The Rescue Begins in Delaware
By Cheri Pray Earl
Familius Copyright © 2013 Cheri Pray Earl
All right reserved. ISBN: 9781938301742
Chapter One(George) A Creepy Message
“Are you sure I can’t help?” I said.
Grandpa let out a grunt. “No George. I already told you.”
“Ding dang it,” I said.
Grandpa sat hunched over his workbench. He glued the cracked seat of an old wooden chair. He can fix anything. That’s his job.
I got too close and bumped Grandpa’s hand.
“Oops,” I said. “Sorry.”
Grandpa sighed and wiped glue off his pants. “Will you please let me alone to work, George?” he said. “Why don’t you go bother your sister?”
The clock rang twelve times. Midnight. I poked Gracie on the shoulder.
“Hey,” I said. “We’re up late. Way past our bedtime.”
“Duh,” Gracie said. “You think so?”
She didn’t look at me. She just kept tapping away on an old telegraph machine.
Gracie is nine. So am I. But I’m older than she is by 5.75 minutes. She’s taller than me by one and a half inches. But I’m smarter by about 2 feet.
“I’m bored,” I said. “Bore-da. Boooored. I want to go home.”
She acted like she couldn’t hear. So I made faces at her and hopped around like a monkey.
“Stop it,” Gracie said. “You’re bugging me.”
I hopped around even more.
“Sorry kids,” Grandpa said. He stretched. “I have to get this done before the museum opens in the morning. Just a little longer, okay?”
“I guess so,” I said. I stopped hopping. “Tomorrow’s Saturday anyway.”
Gracie typed away. Tap, tap, tap-tap, tap, tap
went the machine.
Our grandpa is the fix-it man at the Stockton Museum of Just About Everything in American History. That’s our family’s museum.
Gracie and I have lived with Grandpa for the last two years. Sometimes we come to his shop in the back of the museum after school. And sometimes he lets us help him.
I yawned and peeked over Gracie’s shoulder.
“Quit breathing down my neck,” she said.
“It would be nice if you could type something real,” I said. I’m learning about Morse Code in Cub Scouts. So I could tell that Gracie was just typing gobbledy-goop.
She kept her eyes on the telegraph machine.
“For your information,” she said, “this is how people used to talk to each other. Before there were telephones and cell phones.”
“I know that,” I said.
“And this is my own secret code,” Gracie said. Tap, tap, tap-tap, tap, tap
I rolled my eyes. “Who are you sending the message to? There’s no one at the other end.” I held up a broken wire. “It’s not even connected.”
Gracie didn’t answer. Tap, tap, tap-tap, tap, tap
Grandpa looked over. “You two be careful with that machine,” he said. “It’s no toy.”
“All right,” Gracie said.
She typed some more. This time it sounded like real Morse Code.
“Hey,” I said. “Good job, Gracie. That was ‘S.O.S.’ You just typed the code for help. You know. Three short taps. Three long taps. Then three more short taps.”
Gracie pulled her hand back like something bit her. She looked at me. Then she stared at the machine.
“I’m not doing it,” Gracie said. She shook her head. taptaptap Tap—Tap—Tap taptaptap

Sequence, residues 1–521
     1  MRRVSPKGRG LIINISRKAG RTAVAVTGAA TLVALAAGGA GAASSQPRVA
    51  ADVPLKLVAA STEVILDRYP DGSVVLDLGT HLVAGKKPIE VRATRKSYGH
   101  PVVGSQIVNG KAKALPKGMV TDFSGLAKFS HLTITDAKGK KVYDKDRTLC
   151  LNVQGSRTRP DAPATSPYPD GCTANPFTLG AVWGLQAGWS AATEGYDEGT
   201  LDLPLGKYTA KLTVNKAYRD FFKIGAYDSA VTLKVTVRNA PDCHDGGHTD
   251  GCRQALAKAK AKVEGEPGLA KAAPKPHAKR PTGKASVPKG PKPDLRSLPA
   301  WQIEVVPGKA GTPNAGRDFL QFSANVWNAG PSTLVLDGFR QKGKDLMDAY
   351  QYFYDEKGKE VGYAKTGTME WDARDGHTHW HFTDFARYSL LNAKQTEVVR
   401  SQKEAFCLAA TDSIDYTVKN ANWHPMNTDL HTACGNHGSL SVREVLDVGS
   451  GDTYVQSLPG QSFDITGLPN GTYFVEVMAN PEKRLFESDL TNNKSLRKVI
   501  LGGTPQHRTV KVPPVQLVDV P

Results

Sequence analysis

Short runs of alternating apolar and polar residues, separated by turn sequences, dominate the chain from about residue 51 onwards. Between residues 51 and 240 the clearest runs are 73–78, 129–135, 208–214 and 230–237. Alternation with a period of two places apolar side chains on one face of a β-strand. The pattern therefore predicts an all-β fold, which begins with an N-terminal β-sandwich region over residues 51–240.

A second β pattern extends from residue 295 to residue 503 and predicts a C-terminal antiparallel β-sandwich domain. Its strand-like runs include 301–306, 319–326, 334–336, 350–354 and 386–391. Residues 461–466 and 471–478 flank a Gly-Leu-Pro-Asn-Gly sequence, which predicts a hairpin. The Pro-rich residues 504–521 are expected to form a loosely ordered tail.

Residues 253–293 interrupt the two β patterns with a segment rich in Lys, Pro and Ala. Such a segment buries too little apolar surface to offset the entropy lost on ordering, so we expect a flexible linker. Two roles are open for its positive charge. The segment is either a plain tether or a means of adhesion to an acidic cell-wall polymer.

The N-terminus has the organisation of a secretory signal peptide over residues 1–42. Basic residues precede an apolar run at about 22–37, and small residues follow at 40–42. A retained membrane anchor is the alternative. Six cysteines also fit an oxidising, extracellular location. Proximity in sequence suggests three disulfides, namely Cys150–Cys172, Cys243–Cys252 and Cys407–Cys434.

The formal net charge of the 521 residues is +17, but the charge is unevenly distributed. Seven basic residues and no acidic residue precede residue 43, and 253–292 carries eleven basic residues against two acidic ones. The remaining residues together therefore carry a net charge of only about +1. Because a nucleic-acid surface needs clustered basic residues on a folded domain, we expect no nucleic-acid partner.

“But it can’t do that by itself,” I said. “Can it?”
“What’s going on?” Grandpa said. He walked over.
“I don’t know,” Gracie said. “The machine started working on its own.”
The three of us were quiet.
But the machine went on talking. taptaptap Tap—Tap—Tap taptaptap
, it said, which means “SOS—HELP.”
Gracie touched her silver locket. It used to be Mom’s. Gracie always touches that locket when she’s nervous.
I pushed my glasses up. I was creeped out.
“You kids move away,” Grandpa said. We stepped back and he sat down in front of the telegraph machine.
“The wires are cut,” I said, and shivered.
“They’ve been cut for more than a hundred years,” Grandpa said. He rubbed at his chin.
“Your parents got this old thing in Georgia, I think.”
“Maybe we should leave,” Gracie said. “You know. Go home.”
“Good idea,” I said. I headed for the door.
“Shhh,” Grandpa said, holding up his hand. He narrowed his eyes and listened. taptaptap Tap—Tap—Tap taptaptap
Then the tapping changed. A new message was coming. But I couldn’t understand it.
Grandpa pointed to his desk. I saw his hand shake. “Grab a pencil and some paper, George. Quick.”
“What’s happening?” Gracie said. Her eyes bugged out.
I ran to Grandpa’s desk. His notepad and pencil were lying there.
“Here.” I gave them to him. My heart thumped.
Grandpa wrote the words down. “Delaware . . . .1776. . . . Trapped . . .Please . . .help . . . .” he said out loud.
Then he dropped the pencil.
“What’s wrong?” I said.
Gracie pulled at his sleeve. “Grandpa?” she said in a small voice.
“Matthew and Laura,” Grandpa said.
“What?” Gracie said. “You mean Mom and Dad?”
My stomach got all Jell-o-y. Mom and Dad?
But it couldn’t be them. They disappeared from right here in the museum two years ago.
And they never came back. Continues...
Excerpted from The Rescue Begins in Delaware by Cheri Pray Earl Copyright © 2013 by Cheri Pray Earl. Excerpted by permission.
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